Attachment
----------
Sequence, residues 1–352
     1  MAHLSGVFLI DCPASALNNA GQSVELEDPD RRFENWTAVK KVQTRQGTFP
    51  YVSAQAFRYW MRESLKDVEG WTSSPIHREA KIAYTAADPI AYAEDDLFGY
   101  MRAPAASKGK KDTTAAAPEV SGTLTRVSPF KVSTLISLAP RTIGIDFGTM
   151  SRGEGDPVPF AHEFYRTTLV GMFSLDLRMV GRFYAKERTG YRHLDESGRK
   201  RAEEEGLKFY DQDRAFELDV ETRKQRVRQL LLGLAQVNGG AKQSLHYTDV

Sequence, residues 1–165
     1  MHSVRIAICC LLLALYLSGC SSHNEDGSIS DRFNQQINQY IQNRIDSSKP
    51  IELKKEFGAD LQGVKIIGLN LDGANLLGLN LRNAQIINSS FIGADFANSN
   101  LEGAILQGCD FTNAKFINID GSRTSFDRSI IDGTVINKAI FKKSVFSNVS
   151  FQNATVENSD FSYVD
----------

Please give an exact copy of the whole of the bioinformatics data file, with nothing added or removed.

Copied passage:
Sequence, residues 1–352
     1  MAHLSGVFLI DCPASALNNA GQSVELEDPD RRFENWTAVK KVQTRQGTFP
    51  YVSAQAFRYW MRESLKDVEG WTSSPIHREA KIAYTAADPI AYAEDDLFGY
   101  MRAPAASKGK KDTTAAAPEV SGTLTRVSPF KVSTLISLAP RTIGIDFGTM
   151  SRGEGDPVPF AHEFYRTTLV GMFSLDLRMV GRFYAKERTG YRHLDESGRK
   201  RAEEEGLKFY DQDRAFELDV ETRKQRVRQL LLGLAQVNGG AKQSLHYTDV

Sequence, residues 1–165
     1  MHSVRIAICC LLLALYLSGC SSHNEDGSIS DRFNQQINQY IQNRIDSSKP
    51  IELKKEFGAD LQGVKIIGLN LDGANLLGLN LRNAQIINSS FIGADFANSN
   101  LEGAILQGCD FTNAKFINID GSRTSFDRSI IDGTVINKAI FKKSVFSNVS
   151  FQNATVENSD FSYVD